What is Bipolar Disorder?

Bipolar disorder is a type of mood disorder characterized by extreme swings in mood, energy, and ability to function. These changes are more dramatic than normal ups and downs; they can hurt relationships and cause poor job or school performance.

The two mood extremes of bipolar disorder are mania and depression. In mania, one of the defining symptoms is increased energy and a decreased need for sleep. The mood may be overly happy or irritable. In depression, a down mood with fatigue takes over, often accompanied by irritability. The depressive side of bipolar disorder is nearly identical to major depressive disorder, which is another type of mood disorder.

There are two forms of bipolar disorder:

  • Bipolar I disorder involves episodes of mania (and at other times episodes of depression)
  • Bipolar II disorder involves milder episodes of mania (called hypomania) alternating with episodes of depression

Symptoms of Bipolar Disorder

While exact bipolar symptoms can differ from person to person, the condition is characterized by the following traits:

  • Dramatic mood swings that can range from hopeless despondency to elated excitability
  • Periods of normal mood in between intense ups and downs
  • Extreme changes in energy and behavior

Signs and symptoms of mania include:

  • Persistent and inexplicable elevation in mood
  • Increased energy and effort toward goal-directed activities
  • Restlessness and agitation
  • Racing thoughts, jumps from one idea to another
  • Rapid speech or pressure to keep talking
  • Difficulty concentrating
  • Decreased need for sleep
  • Overconfidence or inflated self-esteem
  • Poor judgment, often involving spending sprees and sexual indiscretions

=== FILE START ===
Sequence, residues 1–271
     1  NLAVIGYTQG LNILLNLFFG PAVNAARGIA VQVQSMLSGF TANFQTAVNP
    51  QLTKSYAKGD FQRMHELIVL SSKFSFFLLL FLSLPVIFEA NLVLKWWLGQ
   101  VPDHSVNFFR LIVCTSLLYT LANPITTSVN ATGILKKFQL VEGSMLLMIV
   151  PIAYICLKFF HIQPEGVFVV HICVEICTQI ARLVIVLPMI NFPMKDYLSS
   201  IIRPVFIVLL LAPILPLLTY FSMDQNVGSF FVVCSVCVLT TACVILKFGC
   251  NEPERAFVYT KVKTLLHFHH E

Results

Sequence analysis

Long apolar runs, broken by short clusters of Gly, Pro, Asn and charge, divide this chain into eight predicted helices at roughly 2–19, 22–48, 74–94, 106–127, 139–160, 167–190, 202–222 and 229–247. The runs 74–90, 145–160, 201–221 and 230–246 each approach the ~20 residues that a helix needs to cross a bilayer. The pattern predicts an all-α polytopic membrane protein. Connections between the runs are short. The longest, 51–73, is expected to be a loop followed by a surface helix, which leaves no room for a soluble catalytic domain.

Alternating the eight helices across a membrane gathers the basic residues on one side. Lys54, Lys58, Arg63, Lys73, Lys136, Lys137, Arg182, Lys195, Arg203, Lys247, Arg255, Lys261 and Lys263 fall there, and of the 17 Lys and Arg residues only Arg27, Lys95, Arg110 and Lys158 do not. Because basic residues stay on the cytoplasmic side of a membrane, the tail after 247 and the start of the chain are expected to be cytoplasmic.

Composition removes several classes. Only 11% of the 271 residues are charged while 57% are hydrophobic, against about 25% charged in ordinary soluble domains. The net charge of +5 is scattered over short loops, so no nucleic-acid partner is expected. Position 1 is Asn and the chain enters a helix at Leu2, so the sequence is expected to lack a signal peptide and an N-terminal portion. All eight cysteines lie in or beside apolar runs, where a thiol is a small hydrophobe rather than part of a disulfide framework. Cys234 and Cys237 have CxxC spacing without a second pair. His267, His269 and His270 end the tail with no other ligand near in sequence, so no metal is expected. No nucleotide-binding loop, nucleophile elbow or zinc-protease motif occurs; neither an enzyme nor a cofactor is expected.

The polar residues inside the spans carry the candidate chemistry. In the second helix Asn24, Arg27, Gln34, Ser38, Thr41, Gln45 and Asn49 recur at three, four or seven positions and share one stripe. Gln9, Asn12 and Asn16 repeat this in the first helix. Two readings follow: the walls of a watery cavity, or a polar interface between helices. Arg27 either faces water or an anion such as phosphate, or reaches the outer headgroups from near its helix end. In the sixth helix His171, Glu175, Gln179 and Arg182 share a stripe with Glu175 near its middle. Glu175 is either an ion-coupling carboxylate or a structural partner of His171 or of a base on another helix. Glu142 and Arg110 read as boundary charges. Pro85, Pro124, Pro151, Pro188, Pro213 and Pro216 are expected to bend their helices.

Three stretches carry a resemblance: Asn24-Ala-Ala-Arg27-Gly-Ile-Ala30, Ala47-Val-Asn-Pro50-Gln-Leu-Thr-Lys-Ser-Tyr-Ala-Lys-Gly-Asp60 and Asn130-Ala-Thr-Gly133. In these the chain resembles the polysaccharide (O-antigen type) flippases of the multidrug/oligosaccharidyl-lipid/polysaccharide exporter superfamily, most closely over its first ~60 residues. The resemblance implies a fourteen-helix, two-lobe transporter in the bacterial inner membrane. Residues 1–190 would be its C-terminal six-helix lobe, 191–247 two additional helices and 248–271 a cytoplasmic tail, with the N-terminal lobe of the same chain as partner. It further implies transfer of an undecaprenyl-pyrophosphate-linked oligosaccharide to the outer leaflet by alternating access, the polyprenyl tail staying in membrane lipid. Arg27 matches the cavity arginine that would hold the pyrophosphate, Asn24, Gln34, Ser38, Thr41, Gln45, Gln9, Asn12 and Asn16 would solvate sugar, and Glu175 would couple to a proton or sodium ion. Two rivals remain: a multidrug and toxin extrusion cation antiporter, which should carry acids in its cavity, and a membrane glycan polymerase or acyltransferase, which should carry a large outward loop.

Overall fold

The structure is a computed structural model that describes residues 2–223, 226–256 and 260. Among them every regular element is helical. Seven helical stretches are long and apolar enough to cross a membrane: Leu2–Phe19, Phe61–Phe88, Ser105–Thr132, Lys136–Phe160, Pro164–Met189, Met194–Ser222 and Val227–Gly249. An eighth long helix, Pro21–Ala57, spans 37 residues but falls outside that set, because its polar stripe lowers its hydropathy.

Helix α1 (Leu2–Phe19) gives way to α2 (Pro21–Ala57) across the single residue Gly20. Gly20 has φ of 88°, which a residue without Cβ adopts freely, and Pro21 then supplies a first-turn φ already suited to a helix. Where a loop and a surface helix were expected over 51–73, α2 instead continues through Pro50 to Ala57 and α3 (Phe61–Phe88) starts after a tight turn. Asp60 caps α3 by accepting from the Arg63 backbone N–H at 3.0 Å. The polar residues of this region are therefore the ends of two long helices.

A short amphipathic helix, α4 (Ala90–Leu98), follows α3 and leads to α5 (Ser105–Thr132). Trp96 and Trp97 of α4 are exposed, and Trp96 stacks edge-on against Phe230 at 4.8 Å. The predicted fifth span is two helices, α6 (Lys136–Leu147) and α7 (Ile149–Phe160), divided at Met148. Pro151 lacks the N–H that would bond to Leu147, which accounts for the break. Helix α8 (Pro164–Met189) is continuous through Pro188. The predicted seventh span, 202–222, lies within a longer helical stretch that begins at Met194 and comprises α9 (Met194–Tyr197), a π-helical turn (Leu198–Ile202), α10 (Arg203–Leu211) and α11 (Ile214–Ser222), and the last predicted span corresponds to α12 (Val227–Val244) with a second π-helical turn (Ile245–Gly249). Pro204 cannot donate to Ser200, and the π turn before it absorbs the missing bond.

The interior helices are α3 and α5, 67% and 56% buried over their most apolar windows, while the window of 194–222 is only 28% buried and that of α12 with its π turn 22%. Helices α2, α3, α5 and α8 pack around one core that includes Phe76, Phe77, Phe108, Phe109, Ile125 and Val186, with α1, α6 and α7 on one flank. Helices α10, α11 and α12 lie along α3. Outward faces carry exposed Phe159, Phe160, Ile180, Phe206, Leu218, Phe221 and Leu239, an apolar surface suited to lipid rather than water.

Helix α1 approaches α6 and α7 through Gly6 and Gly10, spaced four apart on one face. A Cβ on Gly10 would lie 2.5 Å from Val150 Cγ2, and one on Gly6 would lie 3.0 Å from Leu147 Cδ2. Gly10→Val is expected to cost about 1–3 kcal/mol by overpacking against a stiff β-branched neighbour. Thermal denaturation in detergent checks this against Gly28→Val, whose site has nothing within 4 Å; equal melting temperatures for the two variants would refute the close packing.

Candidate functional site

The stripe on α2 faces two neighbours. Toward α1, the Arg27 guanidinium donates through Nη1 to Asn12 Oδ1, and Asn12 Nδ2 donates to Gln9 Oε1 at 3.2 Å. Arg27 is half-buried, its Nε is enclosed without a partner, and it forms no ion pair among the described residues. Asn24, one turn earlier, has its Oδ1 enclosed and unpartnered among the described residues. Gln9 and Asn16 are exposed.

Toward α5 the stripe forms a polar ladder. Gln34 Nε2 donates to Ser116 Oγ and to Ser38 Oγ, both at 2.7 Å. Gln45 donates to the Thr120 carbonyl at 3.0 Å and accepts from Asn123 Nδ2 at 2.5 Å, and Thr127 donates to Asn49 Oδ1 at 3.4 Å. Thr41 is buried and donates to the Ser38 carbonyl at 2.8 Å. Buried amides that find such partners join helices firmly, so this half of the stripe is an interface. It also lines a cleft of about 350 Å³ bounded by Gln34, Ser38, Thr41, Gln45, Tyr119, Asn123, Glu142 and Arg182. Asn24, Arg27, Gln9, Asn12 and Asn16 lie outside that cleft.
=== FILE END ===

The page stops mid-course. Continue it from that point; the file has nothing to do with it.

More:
Signs and symptoms of depression include:

  • Prolonged sad, hopeless, or empty mood
  • Feelings of guilt, worthlessness, or helplessness
  • Loss of interest or pleasure in activities once enjoyed, including sex
  • Decreased energy or fatigue
  • Trouble concentrating, remembering, and/or making decisions
  • Restlessness or diminished movements
  • Agitation
  • Sleeping too much or too little
  • Unintended weight loss or gain
  • Thoughts of death or suicide with or without suicide attempts

Severe episodes of mania or depression may sometimes be associated with psychotic symptoms such as:

  • Hallucinations
  • Delusions
  • Disorders of thought

Causes of Bipolar Disorder

The cause of bipolar disorder is not known. Specific genes may play a role, and a family history of the disorder increases your chance of developing it (tell your doctor if you have a family member with bipolar disorder).

Diagnosis for Bipolar Disorder

Correct diagnosis of bipolar disorder (which can be mistaken for depression due to the symptoms they share) is crucial to putting a patient on the correct treatment path. Your doctor will ask about your symptoms and medical history, and may conduct a physical exam. In some cases, lab tests are ordered to help rule out other causes of mood and behavior symptoms. You may be referred to a mental health specialist. Diagnosis of bipolar disorder is based on:

  • Presence of certain symptoms over time
  • Absence of other causes, such as certain medications and illicit drugs (including corticosteroids, cocaine, and methamphetamines) and certain conditions (including thyroid disease and multiple sclerosis)
  • Family history of bipolar disorder

Mania is diagnosed if:

  • Mood is elevated and there are three or more manic symptoms (listed above). If the mood is irritable, not elevated, four symptoms must be present for a diagnosis of mania
  • Symptoms last most of the day, nearly every day, for one week or longer

A depressive episode is diagnosed if:

  • There are five or more of the depressive symptoms (listed above)
  • Symptoms last most of the day, nearly every day, for a period of two weeks or longer